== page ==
Thursday, December 9, 2010

Me, Myself and I


Cool – testing PIC making a call between Lync and Windows Live messenger on the same PC  with two webcam’s.

Thursday, December 2, 2010

Lync reverse proxy using IIS ARR

Disclaimer : this is part of my Lab install series of posts, it works for me in my lab with a  small number of users but is neither a recommended or supported topology (AFAIK).
I have Lync standard edition server with mediation on the front end running in media bypass mode, Lync Edge server and Exchange server 2010 running on a single server with all roles.
I have decided to use IIS ARR + URL Rewrite as my reverse proxy for Exchange OWA, web services, etc and Lync reach client and web services all on my Lync Edge server. I did this because its already internet facing (and therefore ‘at risk’) and I figured its better to keep machines like this at a minimum. It is also the only machine not domain joined and has very few permissions on my network. Of course I could have setup ISA / TMG / whatever, but I want to focus on building software, not maintaining infrastructure.
  1. Ensure IIS and .net are installed.
  2. Download & Install ARR (includes rewrite).
  3. Add a binding for your certificate (As this is on my edge server and I use the same certificate for both SIP and HTTPS I already have it installed on the machine)
  4. Setup server farms for Exchange and Lync
    1. image
    2. image(select advanced settings, choose ports 8080, 4443 – which point to the external bindings on the front end server))
    3. image (Choose Yes if you see this)
    4. image(double click routing rules)
    5. image(ensure URL rewrite is checked and optionally SSL offloading – depending on your bindings on the target server you may need this checked)
    6. Repeat from step 4 for Exchange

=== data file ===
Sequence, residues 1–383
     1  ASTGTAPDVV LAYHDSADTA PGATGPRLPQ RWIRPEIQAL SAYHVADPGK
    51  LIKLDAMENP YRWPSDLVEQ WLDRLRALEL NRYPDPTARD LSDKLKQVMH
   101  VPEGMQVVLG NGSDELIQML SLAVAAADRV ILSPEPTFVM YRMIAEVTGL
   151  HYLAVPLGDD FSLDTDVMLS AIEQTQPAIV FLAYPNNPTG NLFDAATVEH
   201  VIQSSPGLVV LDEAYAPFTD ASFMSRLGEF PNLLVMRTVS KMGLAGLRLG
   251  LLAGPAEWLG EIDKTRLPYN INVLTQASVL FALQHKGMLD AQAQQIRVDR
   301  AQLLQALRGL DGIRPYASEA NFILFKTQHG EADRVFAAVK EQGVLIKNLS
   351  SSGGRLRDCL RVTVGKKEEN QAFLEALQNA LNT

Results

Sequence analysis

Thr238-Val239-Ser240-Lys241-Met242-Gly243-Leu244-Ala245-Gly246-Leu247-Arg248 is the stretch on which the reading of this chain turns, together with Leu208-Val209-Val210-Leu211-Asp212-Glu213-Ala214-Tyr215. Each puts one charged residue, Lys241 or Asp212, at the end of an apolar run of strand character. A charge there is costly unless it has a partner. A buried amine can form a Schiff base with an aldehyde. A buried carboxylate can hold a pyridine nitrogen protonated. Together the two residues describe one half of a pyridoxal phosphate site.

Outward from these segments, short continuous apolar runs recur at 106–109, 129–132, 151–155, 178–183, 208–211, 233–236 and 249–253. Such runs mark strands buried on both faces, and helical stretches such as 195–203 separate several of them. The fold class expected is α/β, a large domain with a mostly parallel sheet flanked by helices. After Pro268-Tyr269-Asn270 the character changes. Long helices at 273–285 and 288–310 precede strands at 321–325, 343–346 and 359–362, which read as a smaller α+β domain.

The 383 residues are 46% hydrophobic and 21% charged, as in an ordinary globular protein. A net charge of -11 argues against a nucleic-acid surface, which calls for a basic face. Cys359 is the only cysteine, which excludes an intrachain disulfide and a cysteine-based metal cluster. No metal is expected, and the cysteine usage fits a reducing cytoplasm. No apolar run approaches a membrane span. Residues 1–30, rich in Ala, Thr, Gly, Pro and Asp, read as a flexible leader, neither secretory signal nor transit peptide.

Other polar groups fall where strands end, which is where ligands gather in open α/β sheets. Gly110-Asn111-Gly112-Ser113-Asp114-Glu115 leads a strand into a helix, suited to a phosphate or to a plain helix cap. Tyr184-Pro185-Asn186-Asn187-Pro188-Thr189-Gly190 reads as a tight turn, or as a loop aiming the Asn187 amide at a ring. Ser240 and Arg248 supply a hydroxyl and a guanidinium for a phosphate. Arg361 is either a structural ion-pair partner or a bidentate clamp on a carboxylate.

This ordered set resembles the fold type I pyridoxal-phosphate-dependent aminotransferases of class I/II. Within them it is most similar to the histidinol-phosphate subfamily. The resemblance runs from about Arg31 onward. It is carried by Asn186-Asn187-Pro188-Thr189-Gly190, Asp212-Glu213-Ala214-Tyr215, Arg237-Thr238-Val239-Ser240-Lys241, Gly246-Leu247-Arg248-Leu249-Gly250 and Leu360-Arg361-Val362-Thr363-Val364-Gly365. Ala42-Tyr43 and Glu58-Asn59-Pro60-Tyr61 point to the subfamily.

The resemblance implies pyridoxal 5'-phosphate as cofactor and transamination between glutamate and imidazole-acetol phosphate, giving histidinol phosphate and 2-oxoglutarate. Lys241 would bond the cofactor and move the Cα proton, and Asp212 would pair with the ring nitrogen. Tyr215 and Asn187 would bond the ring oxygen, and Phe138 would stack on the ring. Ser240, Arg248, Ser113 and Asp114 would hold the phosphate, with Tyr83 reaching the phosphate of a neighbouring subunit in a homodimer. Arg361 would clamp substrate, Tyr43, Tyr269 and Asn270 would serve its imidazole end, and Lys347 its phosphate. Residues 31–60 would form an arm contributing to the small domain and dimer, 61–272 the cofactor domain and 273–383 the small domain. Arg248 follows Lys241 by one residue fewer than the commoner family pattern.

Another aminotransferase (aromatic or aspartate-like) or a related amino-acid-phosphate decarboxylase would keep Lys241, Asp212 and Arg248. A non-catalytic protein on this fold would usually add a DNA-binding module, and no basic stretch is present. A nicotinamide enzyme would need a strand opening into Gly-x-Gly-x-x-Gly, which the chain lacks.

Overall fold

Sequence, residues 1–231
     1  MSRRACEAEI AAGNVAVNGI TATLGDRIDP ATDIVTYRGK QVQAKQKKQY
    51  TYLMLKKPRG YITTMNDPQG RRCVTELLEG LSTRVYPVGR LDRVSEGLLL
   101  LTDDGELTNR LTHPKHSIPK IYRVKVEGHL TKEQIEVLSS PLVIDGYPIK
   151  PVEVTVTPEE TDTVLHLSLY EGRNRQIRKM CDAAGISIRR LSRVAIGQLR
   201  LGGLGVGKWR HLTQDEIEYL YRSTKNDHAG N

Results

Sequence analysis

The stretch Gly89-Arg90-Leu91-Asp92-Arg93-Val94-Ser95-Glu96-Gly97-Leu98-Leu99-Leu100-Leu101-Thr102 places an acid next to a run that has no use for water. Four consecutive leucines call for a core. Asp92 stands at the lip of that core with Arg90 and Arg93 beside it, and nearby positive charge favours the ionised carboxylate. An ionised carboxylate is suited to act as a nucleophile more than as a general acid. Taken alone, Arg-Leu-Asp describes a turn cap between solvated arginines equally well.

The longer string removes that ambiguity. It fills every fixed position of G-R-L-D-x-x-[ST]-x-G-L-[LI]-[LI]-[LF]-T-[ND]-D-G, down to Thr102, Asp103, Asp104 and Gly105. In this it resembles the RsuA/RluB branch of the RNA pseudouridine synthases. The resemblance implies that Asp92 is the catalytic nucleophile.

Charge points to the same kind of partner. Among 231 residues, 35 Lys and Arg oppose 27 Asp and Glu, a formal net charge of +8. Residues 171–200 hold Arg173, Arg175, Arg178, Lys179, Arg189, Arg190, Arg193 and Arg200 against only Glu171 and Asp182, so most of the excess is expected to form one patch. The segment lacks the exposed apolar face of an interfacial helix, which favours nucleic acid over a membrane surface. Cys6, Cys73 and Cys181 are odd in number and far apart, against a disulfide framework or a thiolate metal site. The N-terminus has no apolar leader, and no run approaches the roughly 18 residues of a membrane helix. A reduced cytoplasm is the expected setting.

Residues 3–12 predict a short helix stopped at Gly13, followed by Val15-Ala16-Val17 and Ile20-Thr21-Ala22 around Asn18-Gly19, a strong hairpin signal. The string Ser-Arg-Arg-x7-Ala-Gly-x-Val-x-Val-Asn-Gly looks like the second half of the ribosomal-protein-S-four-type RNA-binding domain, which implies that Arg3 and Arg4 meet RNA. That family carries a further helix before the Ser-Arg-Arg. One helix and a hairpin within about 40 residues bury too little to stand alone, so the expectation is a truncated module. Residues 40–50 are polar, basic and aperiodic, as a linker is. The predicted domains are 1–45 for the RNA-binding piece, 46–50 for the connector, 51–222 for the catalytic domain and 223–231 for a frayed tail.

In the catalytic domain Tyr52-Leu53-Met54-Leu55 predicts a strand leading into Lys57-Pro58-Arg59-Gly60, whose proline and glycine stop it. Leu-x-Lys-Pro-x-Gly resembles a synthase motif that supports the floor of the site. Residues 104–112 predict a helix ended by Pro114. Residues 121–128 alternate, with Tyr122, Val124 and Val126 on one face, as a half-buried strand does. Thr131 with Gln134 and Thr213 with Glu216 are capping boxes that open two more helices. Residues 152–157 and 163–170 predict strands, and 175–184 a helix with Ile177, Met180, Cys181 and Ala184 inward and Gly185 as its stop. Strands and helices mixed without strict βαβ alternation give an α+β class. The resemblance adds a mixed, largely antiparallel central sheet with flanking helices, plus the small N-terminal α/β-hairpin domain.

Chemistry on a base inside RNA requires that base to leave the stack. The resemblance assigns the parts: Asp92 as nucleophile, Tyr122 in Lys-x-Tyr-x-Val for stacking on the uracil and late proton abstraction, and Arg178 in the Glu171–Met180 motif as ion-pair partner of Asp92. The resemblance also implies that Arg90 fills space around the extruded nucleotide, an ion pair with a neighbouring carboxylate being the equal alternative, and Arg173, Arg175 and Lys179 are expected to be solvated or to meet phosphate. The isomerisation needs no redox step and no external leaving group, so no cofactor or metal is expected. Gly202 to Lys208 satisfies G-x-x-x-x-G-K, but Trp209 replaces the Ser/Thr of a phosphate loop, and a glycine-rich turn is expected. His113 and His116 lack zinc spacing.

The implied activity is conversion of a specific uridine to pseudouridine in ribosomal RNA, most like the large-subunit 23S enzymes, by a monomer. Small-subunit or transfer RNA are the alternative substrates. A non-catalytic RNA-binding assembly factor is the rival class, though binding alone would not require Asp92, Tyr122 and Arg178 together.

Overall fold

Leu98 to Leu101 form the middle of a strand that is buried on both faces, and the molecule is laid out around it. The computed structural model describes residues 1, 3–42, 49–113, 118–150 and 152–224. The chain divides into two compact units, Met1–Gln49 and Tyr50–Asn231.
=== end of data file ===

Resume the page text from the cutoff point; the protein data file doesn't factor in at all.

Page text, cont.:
7. Go to the URL rewrite configuration, either by clicking the link on the right pane on the routing rules screen in step 5 or on the main URL Rewrite icon under IIS when on the Features page for your server.image
    8. Modify the Lync rule as follows:
      Choose Using Regular Expressions and enter this expression :

    9. Same for Exchange with this expression :
      Also select https protocol (depending on your bindings for exchange)
    10. For completeness I have an OCS R2 CWA server in my Lync farm and have added a similar proxy for that too.

Now lets test

  1. Go to https://yourdomain/owa
  2. You should also run the tests here
  3. Go to https://yourdomain/meet
    image (you can also create and join a meeting in outlook)
  4. Go to https://yourdomain/reach/client/webpages/reachclient.aspx

Wednesday, December 1, 2010

Federating with everyone.

In order to use federation with OCS, OCS R2 and Lync you must obey this:

  • The certificate must be issued by an approved public CA that supports subject alternative name. For details, see Microsoft Knowledge Base article 929395, "Unified Communications Certificate Partners for Exchange Server and for Communications Server," at

This is a short list of official certificate providers :

Now in reality (and if you don’t need to be in a fully supported configuration) you just need a certificate that is issued back to a root certificate that you know everyone has. So assuming you might be federating with partners using OCS, OCS R2 or Lync Server 2010 we can assume their edge is running Windows 2003, Windows 2003 R2, Windows 2008 or Windows 2008 R2. So to narrow down your requirements you want a certificate that we know is installed by default on those platforms. In theory on Windows 2008 the root certificates are supposed to auto download on demand – however it seems OCS R2 doesn’t demand them, so they don’t get downloaded Sad smile. Ok… so this is now quite a short (and getting shorter) list. So if you encounter weirdness that you can federate with some partners but not others then chances are that their certificate is issued by a root cert not installed in your system.

So as a certificate buyer, you really should buy a cert from an officially approved vendor. That said, after a bad experience with federation using GoDaddy certs, in my lab, I use (in an unsupported manner – as I use a single CN and don’t list any SAN’s) a RapidSSL cert from ServerTastic for $13.00 per year for a single domain cert – conveniently its issued from a root cert by GeoTrust / Equifax, which is far more prevalent than GoDaddy. I have had no issues since using this cert.

As a federating partner, if you want to expand your scope to ‘cheap’ federation partners, try installing the latest root certificate package hereafter reading the warnings here .